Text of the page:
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Arms Cache Called Peril to Latin Accords : Central America: U.S. says weapons in Managua jeopardize pacts ending wars in Nicaragua, El Salvador.


WASHINGTON — In an echo of the Central American conflicts of the closing days of the Cold War, the Clinton Administration said Saturday that the discovery in Nicaragua of a cache of arms linked to leftist rebels in El Salvador jeopardizes the peace agreements that ended civil wars in both nations.

State Department spokesman Richard Boucher said the weapons, including 14 Soviet-made antiaircraft missiles, were discovered in Managua last Sunday along with documents linking the arms to one of the five Salvadoran groups that make up the Farabundo Marti National Liberation Front, known by its Spanish initials FMLN, which agreed last year to end its armed rebellion and become a legal political party.

"We want to treat the FMLN just as we do any political party," Boucher said. "However, our attitude toward the FMLN cannot fail to be affected by whether or not it lives up to its obligations under the peace accords."

At the same time, Boucher said the incident underscores American doubts about the control that the Nicaraguan government of President Violeta Barrios de Chamorro exercises over the country's security forces. When Chamorro defeated the leftist Sandinista government in 1990 in free elections that were intended to end Nicaragua's civil war, she agreed to leave Sandinista officers in charge of the army, a step Washington has often criticized.

Another State Department official said there is substantial evidence that Sandinista-led elements of the army were implicated in allowing the illegal arms dump to operate.

The incident strikes at the heart of the precariously balanced agreements that ended the conflicts that dominated U.S. policy toward Central America during the Ronald Reagan Administration.

In the most open demonstration of his Cold War policy of backing anti-Communist insurgents against leftist governments, Reagan supported guerrilla groups, known as Contras, who fought a bloody war against the Soviet-backed Sandinistas.

The war ended after Chamorro's opposition political group defeated the Sandinistas at the polls. In a plan intended to prevent the Sandinistas from turning to armed rebellion, the new president struck a number of compromises with the outgoing government, including the controversial one regarding the security forces.

In El Salvador, where the United States supported the anti-Communist government and the Soviets backed the FMLN, the 12-year-long war ended last year when the FMLN agreed to demilitarize and enter politics as a civilian party.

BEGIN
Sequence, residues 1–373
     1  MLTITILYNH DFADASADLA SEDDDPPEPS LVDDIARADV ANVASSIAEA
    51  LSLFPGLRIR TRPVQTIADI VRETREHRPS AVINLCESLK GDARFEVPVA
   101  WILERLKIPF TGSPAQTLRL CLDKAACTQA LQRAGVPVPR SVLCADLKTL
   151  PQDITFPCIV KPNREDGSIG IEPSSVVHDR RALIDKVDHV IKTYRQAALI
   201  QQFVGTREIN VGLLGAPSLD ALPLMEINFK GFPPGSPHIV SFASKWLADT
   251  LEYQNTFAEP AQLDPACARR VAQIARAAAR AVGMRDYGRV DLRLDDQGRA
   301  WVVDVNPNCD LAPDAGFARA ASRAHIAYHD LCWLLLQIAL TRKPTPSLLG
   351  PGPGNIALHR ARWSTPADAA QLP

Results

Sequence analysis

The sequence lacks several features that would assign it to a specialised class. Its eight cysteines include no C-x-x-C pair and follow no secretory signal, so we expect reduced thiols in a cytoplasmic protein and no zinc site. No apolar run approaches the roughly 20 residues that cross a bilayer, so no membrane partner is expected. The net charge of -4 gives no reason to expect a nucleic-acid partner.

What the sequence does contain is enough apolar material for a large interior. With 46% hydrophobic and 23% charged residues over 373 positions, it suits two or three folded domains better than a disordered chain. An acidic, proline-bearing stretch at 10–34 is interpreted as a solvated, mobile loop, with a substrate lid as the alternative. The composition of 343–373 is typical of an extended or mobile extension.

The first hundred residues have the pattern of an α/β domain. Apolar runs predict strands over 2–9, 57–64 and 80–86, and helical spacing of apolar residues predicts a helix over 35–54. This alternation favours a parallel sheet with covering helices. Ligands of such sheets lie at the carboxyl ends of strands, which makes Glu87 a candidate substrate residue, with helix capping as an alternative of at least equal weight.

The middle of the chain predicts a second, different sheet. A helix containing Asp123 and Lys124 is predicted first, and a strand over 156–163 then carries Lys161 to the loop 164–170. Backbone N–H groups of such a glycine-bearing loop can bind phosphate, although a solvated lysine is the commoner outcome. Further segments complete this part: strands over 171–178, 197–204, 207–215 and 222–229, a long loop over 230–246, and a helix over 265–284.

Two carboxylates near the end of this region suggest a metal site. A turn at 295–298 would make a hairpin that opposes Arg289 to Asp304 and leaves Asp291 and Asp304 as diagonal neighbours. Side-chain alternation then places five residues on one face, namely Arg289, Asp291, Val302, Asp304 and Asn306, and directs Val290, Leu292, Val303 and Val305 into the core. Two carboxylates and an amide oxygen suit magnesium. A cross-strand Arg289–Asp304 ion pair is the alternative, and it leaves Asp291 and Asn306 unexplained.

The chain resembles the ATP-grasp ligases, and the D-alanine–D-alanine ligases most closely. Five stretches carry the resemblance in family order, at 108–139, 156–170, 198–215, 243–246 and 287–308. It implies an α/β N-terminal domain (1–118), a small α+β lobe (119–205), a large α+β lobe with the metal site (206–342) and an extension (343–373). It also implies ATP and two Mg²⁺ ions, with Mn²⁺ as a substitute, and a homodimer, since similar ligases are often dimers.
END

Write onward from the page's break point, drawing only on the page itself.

In the latest incident, the weapons, which had been hidden at an auto repair shop in Managua, were discovered after some of them exploded. The blast killed two people and did substantial damage, but authorities were able to recover pamphlets and internal memos linked to the Popular Liberation Front, an arm of the FMLN, as well as large numbers of unexploded rockets, mines, explosives and surface-to-air missiles.

The shop is owned by a Spanish immigrant who was granted Nicaraguan citizenship by the Sandinista government less than a week before Chamorro's inauguration, the State Department official said. The owner was thought to have ties with the Basque terrorist organization ETA, a group that cooperated with the Sandinistas.

"We understand that Nicaraguan authorities are conducting an investigation, which we expect will include an examination of any involvement or cooperation on the part of any individuals in Nicaragua, including members of Nicaraguan security forces or the Sandinista party, in establishing or maintaining this arms cache or otherwise aiding terrorist groups or activities," Boucher said.

The other official said the Chamorro government appears to be serious about investigating the matter. But he added, "If the Nicaraguans had been moving to put their security forces under (civilian) control, they would be in a better position to root out this sort of thing. We have long urged President Chamorro to exert full control over her own security forces because they have been known to be involved in things like this."

In Managua, Gen. Humberto Ortega, chief of the Nicaraguan army, accused the Salvadoran leftist group Saturday of acting "irresponsibly, illegally and immorally" by moving the huge weapons stockpile into Nicaragua, the Associated Press reported.

Ortega, the brother of former Sandinista President Daniel Ortega, said his Popular Sandinista Army "has absolutely nothing to do with these criminal acts."

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